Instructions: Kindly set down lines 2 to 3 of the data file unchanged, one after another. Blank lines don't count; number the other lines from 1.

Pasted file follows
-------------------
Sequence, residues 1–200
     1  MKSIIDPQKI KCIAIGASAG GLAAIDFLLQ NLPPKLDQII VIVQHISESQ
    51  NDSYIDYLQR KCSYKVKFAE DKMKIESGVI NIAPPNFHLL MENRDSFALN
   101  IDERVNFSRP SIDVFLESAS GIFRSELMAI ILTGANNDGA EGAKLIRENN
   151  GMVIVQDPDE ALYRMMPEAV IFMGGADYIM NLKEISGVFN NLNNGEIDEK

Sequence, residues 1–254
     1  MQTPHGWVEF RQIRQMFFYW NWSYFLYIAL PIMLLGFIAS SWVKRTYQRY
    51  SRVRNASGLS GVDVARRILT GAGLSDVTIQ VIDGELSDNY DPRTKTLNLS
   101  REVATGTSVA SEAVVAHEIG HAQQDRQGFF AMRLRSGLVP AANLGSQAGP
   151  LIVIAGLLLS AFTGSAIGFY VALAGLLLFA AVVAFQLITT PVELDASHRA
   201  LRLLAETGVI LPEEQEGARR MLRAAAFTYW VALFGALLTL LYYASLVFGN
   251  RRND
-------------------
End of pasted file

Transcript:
     1  MKSIIDPQKI KCIAIGASAG GLAAIDFLLQ NLPPKLDQII VIVQHISESQ
    51  NDSYIDYLQR KCSYKVKFAE DKMKIESGVI NIAPPNFHLL MENRDSFALN